• sven

    The front view is really nice. Very disappointing that they added wheels and bumpers (which are not done out of the same tubes). Less would have been more, here.

  • Jag hag

    A giant pasta sculpture? Quite a feat.

    All you need is the sound of an E-Type….invisible would have been enough for me

  • Nath

    Reminds me of Church organ pipes.
    The visual representation of the car is challenging….no need to get
    your knickers in a twist!

  • Sam

    Meanwhile, in Africa…

  • michael

    agree with sven – nice sculpture in front view – the tires are too much

  • rock

    as others have posted, no need for the wheels, it makes it far too literal.
    the sculpture would have achieved a much more poetic allusion to the e-type without the wheels, + would have remained simpler + sincere to the sculpture's tubular construction.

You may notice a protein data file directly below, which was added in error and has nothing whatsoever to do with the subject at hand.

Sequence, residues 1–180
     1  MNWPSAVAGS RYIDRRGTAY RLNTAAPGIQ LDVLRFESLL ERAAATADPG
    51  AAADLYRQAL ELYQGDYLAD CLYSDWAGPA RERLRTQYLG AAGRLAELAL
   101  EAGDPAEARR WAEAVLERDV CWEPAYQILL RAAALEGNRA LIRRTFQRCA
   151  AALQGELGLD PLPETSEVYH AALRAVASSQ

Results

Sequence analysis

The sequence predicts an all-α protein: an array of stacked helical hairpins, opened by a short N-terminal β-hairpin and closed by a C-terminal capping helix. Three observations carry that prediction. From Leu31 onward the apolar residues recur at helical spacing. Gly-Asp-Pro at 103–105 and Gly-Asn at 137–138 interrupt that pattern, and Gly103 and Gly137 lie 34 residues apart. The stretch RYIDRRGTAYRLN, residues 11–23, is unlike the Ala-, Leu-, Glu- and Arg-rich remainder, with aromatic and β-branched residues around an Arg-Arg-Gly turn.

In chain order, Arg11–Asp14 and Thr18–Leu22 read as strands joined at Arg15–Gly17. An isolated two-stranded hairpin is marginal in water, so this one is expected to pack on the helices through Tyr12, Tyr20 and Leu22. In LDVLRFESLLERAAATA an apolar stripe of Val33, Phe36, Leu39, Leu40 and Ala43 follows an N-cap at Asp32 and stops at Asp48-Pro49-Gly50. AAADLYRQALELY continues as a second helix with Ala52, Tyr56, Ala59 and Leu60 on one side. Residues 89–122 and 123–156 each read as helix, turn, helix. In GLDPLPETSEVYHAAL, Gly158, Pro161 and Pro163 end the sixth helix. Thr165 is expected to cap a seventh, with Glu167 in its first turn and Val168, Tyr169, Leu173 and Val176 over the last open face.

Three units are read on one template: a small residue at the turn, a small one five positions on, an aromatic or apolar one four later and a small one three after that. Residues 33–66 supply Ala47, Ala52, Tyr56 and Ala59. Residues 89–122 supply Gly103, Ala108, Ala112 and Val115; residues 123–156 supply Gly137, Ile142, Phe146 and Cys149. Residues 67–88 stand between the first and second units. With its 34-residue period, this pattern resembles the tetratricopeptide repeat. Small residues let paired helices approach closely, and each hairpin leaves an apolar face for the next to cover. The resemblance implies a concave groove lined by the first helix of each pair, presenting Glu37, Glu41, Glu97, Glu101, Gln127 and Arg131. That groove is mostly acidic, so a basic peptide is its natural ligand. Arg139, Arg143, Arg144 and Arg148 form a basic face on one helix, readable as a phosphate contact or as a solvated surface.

hence the view captured in the first photo, as sven michael said, captures the essence of the car + the sculpture, + therefore is the best
    (aluminium would have been lighter, as would have plastic, + they could have been recycled + recyclable)

  • trimtab21

    What an insult to the landscape! It seems that to make ‘art’ today, just take any object, enlarge it to gigantic proportions and balance it on its end…not very creative auspicious or inspiring.

  • In whatever form its expressed the proportions and curves are magical. I think thats what has made the beauty of this car timeless. As far as wasting of materials is concerned, it depends on how much the JAGUAR E-TYPE matters to you.